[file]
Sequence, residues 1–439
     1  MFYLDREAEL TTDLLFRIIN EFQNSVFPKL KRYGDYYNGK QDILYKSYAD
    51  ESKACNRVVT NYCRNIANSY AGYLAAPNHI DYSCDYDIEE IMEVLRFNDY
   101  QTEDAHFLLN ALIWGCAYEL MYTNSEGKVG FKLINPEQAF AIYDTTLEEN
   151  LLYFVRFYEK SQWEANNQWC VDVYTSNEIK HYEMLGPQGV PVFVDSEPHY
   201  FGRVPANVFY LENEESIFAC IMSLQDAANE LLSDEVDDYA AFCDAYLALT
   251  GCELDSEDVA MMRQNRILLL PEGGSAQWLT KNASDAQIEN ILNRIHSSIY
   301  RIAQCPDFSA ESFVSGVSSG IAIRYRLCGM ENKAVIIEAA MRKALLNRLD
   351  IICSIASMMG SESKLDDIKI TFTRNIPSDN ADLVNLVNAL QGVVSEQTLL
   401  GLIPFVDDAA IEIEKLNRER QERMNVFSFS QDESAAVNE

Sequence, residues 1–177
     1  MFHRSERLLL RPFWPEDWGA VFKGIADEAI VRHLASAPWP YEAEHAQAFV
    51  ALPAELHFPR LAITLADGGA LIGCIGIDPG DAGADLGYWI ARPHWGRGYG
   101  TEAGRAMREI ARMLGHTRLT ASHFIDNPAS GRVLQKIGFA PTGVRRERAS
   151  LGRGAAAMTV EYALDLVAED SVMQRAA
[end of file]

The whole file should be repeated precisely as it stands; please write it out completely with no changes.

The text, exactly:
Sequence, residues 1–439
     1  MFYLDREAEL TTDLLFRIIN EFQNSVFPKL KRYGDYYNGK QDILYKSYAD
    51  ESKACNRVVT NYCRNIANSY AGYLAAPNHI DYSCDYDIEE IMEVLRFNDY
   101  QTEDAHFLLN ALIWGCAYEL MYTNSEGKVG FKLINPEQAF AIYDTTLEEN
   151  LLYFVRFYEK SQWEANNQWC VDVYTSNEIK HYEMLGPQGV PVFVDSEPHY
   201  FGRVPANVFY LENEESIFAC IMSLQDAANE LLSDEVDDYA AFCDAYLALT
   251  GCELDSEDVA MMRQNRILLL PEGGSAQWLT KNASDAQIEN ILNRIHSSIY
   301  RIAQCPDFSA ESFVSGVSSG IAIRYRLCGM ENKAVIIEAA MRKALLNRLD
   351  IICSIASMMG SESKLDDIKI TFTRNIPSDN ADLVNLVNAL QGVVSEQTLL
   401  GLIPFVDDAA IEIEKLNRER QERMNVFSFS QDESAAVNE

Sequence, residues 1–177
     1  MFHRSERLLL RPFWPEDWGA VFKGIADEAI VRHLASAPWP YEAEHAQAFV
    51  ALPAELHFPR LAITLADGGA LIGCIGIDPG DAGADLGYWI ARPHWGRGYG
   101  TEAGRAMREI ARMLGHTRLT ASHFIDNPAS GRVLQKIGFA PTGVRRERAS
   151  LGRGAAAMTV EYALDLVAED SVMQRAA